Department of Pathology
Director, Center for Free Radical Biology
Vice-Chair of Research Department of Pathology
Department of Pathology, School of Medicine
Dr. Darley-Usmar is the UAB Endowed Professor in Mitochondrial Medicine and Pathology. He serves as the Vice Chair of Research for the Department of Pathology and Director of the Center for Free Radical Biology at UAB. His research program focuses on redox cell signaling and molecular bioenergetics in the pathogenesis of human disease. He received his Ph.D. training from Dr. M.T. Wilson at the University of Essex which was to define the structure and function of cytochrome c oxidase. This involved defining whether the monomer or dimer of the enzyme was active and applying the then new techniques of SDS-polyacrylamide gel electrophoresis to membrane proteins. He continued to pursue his interest in mitochondrial proteins with Dr. R. A. Capaldi at the University of Oregon and was one of the first to use Western Blotting to understand the molecular pathology of a mitochondrial myopathy. On returning to the UK after two years as an Assistant Professor in Japan he first became interested in the area of nitric oxide research in industry as a Research Scientist at Wellcome Research Laboratories. Over a ten year period there he worked on the interactions of nitric oxide with reactive oxygen species and mitochondria. Working with Salvador Moncada and Tony Schapira (Royal Free Hospital) he was one of the first to discover that nitric oxide can interact reversibly with cytochrome c oxidase and so control respiration. He left the UK in 1995 to join the Free Radical group at UAB led by Bruce Freeman. Currently he is developing novel methods to assess the measurement of oxidative stress in mitochondria and defining how we determine the mitochondrial response to oxidative stress in the pathologies associated with bioenergetic dysfunction.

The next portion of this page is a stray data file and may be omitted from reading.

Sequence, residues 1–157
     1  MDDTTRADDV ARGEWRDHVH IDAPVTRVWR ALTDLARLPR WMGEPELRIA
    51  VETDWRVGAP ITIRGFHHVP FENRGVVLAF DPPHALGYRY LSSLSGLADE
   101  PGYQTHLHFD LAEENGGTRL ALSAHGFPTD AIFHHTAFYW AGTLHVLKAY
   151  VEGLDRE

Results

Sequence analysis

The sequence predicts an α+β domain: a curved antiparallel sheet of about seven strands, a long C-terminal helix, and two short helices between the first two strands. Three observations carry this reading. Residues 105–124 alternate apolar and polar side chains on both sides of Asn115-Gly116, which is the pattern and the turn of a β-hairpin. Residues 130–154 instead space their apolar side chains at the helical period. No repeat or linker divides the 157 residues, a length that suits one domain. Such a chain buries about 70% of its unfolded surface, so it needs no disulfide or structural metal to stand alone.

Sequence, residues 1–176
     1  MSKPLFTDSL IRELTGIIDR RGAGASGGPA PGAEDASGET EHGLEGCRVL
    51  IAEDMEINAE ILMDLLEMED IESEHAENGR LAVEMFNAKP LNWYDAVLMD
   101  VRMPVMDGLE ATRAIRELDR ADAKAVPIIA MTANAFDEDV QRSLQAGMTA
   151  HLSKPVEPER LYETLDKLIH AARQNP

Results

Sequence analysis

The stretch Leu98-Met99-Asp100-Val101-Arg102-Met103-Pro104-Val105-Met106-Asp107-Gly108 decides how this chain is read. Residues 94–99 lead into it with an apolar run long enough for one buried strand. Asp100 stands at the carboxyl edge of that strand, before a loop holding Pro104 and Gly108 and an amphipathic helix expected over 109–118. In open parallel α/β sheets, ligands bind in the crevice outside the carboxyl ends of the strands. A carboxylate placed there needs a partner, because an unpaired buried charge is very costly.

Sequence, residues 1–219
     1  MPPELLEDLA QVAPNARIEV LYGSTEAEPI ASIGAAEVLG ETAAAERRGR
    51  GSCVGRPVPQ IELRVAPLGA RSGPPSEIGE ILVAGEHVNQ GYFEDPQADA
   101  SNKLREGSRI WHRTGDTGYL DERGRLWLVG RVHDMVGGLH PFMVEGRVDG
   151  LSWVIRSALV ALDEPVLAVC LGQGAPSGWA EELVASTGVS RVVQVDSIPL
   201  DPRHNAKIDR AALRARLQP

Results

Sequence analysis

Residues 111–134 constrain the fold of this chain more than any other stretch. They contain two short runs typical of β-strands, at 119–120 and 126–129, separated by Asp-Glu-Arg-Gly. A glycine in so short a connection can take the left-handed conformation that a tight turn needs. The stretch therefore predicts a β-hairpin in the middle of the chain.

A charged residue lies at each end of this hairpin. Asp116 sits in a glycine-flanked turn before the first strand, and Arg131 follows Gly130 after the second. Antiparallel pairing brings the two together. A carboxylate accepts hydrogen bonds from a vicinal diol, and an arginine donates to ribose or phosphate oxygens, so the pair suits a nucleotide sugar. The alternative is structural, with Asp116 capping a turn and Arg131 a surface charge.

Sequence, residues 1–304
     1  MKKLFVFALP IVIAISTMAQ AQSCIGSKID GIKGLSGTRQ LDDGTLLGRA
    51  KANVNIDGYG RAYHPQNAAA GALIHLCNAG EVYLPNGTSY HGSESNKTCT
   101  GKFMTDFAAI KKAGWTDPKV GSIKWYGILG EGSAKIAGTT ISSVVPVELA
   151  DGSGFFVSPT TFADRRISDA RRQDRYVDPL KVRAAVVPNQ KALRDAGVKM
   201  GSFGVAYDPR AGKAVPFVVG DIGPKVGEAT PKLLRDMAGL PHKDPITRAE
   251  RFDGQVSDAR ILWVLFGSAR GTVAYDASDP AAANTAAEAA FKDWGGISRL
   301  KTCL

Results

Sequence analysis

Mechanisms of Cell Signaling by Mitochondria in Physiology and Disease
Among the most serious diseases that effect developed nations are those involving chronic and acute inflammation. Typical examples include atherosclerosis and the vascular complications of hypertension and diabetes. We now know that this is mainly due to the production of reactive oxygen and nitrogen species and their interactions with cell signaling pathways. The focus of our laboratory is to understand how the signaling pathways are altered in pathologies associated with oxidative stress and how mitochondrial dysfunction plays a part in this. Two areas of bioenergetic research are of particular interest. 1) Those involving oxidized lipids as signaling molecules and 2) the free radical signaling molecule nitric oxide. Nitric oxide is one of the beneficial free radicals in the artery wall and in a series of studies over the last few years we are determining how it exerts protection over the vasculature. We are particularly interested in how the interaction of mitochondria with NO can modulate cell signaling. With an extensive network of collaborators in UAB and at other national and international institutions we are defining the molecular events which control mitochondrial function in disease and designing mitochondrial therapeutics. Our approach is to use our insight into the biochemistry of free radicals and bioenergetics to understand events at the cellular level. We use molecular biology, proteomics and cellular approaches to address these problems.